Tuesday, 8 September 2015

Homeschooling 101: Deschooling

Deschooling is a process of retraining and refocusing kids and their parents out of a public school mentality and attitude towards learning. The idea is to figure out that learning does not require a text book, a test, a worksheet or a teacher. Learning can happen anywhere. It is actually more important for the parents to "deschool" than the children, especially if you are pulling your children out in older grades. 

So what does it look like?

Specifically, you'll avoid worksheets and workbooks, you won't do tests, or sit down with one person lecturing and another listening. You will read lots and lots, but they won't be textbooks, just books on topics you enjoy. You will do projects perhaps, but these will be messy and fun and fascinating. You will go places - the store, the library, a museum, the zoo, the symphony, the movies, etc. You won't be sitting at a desk or the kitchen table answering questions out of a textbook. You might sit at the kitchen table eating a snack and talking about questions. You won't be lecturing your kids on the specifics of algebra, but you might watch a YouTube video on math in nature. You won't be cutting and pasting worksheets, but you might cut out magazine letters to create poetry art, or write a letter to the editor of your newspaper, or volunteer at a local homeless shelter. 

As a parent, you'll be observing your child(ren). You will reconnect with them as parents and kids, enjoying life together. You will figure out that Junior likes to build and learns best by doing, and Miss learns by reading and more reading, and Little One learns best by asking questions and talking about it. You might also figure out that your family thrives when you "go with the flow" or that you all much prefer set times to do certain things, and like predictability and routine. You might discover that you really like reading as a family, so a literature based curriculum is best, or that you really really hate the mess of science experiments, so maybe online options are better, or that your day just works better when you're at home so you'll keep field trips to a minimum -- or just the opposite.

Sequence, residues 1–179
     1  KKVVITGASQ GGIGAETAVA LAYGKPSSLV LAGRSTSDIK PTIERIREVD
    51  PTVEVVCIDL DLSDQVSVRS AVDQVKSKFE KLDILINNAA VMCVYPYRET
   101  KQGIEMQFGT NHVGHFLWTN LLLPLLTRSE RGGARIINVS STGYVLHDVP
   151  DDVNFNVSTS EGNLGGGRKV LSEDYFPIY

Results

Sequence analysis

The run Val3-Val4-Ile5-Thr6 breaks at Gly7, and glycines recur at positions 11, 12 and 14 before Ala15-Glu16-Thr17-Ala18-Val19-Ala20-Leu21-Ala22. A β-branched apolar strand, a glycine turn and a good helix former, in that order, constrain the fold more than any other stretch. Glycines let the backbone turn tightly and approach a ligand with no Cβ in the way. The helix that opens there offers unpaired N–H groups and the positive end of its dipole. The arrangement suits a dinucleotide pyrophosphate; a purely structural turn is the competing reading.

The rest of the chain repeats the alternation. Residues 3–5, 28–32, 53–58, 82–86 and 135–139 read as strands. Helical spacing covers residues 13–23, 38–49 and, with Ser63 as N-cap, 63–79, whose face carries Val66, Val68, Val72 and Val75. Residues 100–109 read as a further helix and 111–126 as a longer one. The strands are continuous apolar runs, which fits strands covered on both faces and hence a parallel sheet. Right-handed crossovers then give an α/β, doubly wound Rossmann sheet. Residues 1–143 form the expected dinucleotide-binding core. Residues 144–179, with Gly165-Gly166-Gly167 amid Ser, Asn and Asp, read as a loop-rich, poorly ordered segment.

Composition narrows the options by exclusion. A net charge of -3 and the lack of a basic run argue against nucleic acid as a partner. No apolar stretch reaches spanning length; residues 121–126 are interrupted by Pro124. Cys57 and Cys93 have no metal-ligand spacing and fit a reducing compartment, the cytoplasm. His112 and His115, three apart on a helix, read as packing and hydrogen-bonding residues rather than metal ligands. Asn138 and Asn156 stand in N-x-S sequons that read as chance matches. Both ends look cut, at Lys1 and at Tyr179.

The rule of thumb is that you should take approximately 1 month for every year your child was in school. The focus isn't so much on learning anything or meeting goals or "keeping up with their class", but on reconnecting as a family and discovering the joy of learning. It may take less time for you -- it may take more. But don't skimp out because of a panic that "they aren't learning anything". They will learn. They will surprise you with what they learn. 

So often new homeschoolers short-change themselves and their children in this process. A sense of panic can set in, because it doesn't look like your children are learning anything, because it doesn't look like school. You may feel a sense of looming disaster, of "falling behind", that you are somehow neglecting them and their education by not churning out workpages, reports, and struggling with school work, like you are so used to. For some reason, we, as a society, have separated "education" and "learning" from life and fun. Education is over here, and it's supposed to be hard, and even a little boring, and you don't learn anything if it's not written down. Life is over there, completely separate, and you don't learn anything in "real life". But it's that mentality that this process of deschooling is designed to break down. Like in childbirth, if you can push through the panic, you'll have a brand new life and a lot of fun! 

It depends I think on what your purpose is in homeschooling. If you are approaching it from the idea that your child needs to know "xyz" information and skills by "x" age in order to be "educated" then yes, you'll always be thinking "grade level" and "ahead" or "behind". But if you think in terms of parenting, not just academics, and think about the information and skills of education as part of your parenting (that reading and arithmetic are just like walking and talking in your child's development), then there is only a "grade level" like there is "typical development". It's a range. Most children learn to walk somewhere between 10 and 16 months. If they aren't walking by 18 months, you take them to a doctor. Most children learn to read somewhere between age 4 and age 10. If they aren't reading by age 12, you might want to get extra help. It isn't about an arbitrary "grade level" (which by the way is very specific to region -- children are expected to be reading by age 6 in most states, but in other countries, not until age 8 or 9). It's about where your child fits on the typical development range.

Formal academics are not a goal. They are the means to a goal. Being a successful adult requires that they read and write fluently in at least one language, that they can add and subtract and manage money and think logically and critically, that they have some familiarity with the whys and hows of our society, economy and technology. *When* our children learn this is not all that important. It only takes 30 days to teach the average-intelligence adult to read. And with the internet and smart phones today, most information is easily accessible. College may not be everyone's best career plan, and there are other choices. Educate accordingly.

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